A newsletter on the Natural History, Ecology
and Conservation of the Agasthyamalai region, Western Ghats, India.

Any and all opinions expressed in this newsletter are solely those of the author(s) and do not reflect the opinion of ATREE. 

Editorial Team

Editor: T. Ganesh
Associate editor: Vivek Ramachandran
Editorial Review: R. Ganesan, M. Soubadra Devy
Design and presentation: Vivek Ramachandran

A S H O K A   T R U S T   F O R   R E S E A R C H   I N   E C O L O G Y   A N D   T H E   E N V I R O N M E N T

An oft encountered question as we scurry for cover when the heavens open. The answer depends on which bird species and where? In Bangalore, the rain-soaked mynas and crows may seek shelter within the sparse canopy of fast disappearing avenue trees or under the rafters of our roof. The birds of the ‘rain’ forest however respond very differently as rain is part and parcel of their day.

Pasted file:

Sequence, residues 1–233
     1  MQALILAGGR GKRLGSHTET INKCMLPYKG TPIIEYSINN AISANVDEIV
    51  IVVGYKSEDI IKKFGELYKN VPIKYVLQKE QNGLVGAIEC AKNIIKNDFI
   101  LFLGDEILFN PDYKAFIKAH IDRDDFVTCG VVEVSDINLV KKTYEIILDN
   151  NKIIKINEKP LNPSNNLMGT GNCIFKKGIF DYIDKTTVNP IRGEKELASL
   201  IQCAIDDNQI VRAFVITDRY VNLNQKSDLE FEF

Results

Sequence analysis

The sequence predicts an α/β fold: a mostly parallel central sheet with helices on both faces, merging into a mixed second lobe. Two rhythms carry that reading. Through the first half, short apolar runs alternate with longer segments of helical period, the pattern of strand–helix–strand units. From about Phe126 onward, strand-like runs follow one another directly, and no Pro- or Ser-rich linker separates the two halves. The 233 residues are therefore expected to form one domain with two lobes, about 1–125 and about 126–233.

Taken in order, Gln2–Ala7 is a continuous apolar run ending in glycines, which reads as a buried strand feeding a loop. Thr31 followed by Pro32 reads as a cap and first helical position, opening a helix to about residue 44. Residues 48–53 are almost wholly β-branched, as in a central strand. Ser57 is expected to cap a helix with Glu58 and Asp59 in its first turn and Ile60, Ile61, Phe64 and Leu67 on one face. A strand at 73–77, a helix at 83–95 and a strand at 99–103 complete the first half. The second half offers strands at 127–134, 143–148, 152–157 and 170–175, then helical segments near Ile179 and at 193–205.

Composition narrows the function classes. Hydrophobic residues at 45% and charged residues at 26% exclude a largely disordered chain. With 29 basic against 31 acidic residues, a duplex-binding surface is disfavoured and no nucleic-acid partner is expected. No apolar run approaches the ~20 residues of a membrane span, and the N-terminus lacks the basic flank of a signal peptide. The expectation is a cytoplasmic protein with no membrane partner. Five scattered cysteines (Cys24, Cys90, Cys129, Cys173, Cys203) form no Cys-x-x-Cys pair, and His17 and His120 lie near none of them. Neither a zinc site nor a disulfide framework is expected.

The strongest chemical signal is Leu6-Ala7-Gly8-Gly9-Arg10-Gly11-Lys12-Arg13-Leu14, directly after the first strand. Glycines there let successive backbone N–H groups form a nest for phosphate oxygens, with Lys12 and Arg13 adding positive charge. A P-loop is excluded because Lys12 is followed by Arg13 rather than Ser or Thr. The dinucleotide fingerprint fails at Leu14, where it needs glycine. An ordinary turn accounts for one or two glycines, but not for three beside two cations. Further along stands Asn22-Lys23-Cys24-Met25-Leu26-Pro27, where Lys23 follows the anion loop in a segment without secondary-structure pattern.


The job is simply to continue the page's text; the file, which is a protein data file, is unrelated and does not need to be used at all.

I was afforded a unique insight and perhaps an answer to this long rankling question. While sampling in the canopy at Kakachi in September 2007, I was caught in a thunderstorm. With the rope sopping wet, it was impossible to use a ‘figure of eight’ descender, so I decided to stay put. The canopy platform was being buffeted by the wind when a flock of White-eyes descended all around me. They were unperturbed by the elements, foraging and gleaning among the leaves and bark of the surrounding trees. A Racket-tailed Drongo was sallying after a dragonfly that had been disturbed by the falling rain. The intensity of the downpour increased and soon more species joined in. A whole host of insects had been disturbed by the rain falling on the foliage, Minivets and Flycatcher shrikes were taking a toll on them and were soon joined by the Canary Flycatchers. The rain continued for more than 2 hours and I could hear the mixed-hunting party continue to forage through the vast stretch of canopy. The absence of frugivores in the flock was conspicuous; they perhaps preferred the sheltered confines of the understory? As the rain abated, a few birds were seen sitting on exposed branches with their feathers puffed out under the setting sun. Though I was soaked to the skin and cold, was glad to have had company and a glimpse of their extraordinary lives…
A Black-lored Tit gleaning in the rain.
Photo: Vivek Ramachandran

Where do birds go when it rains?

- Vivek Ramachandran

Volume 4,  Issue 3
      December 2010

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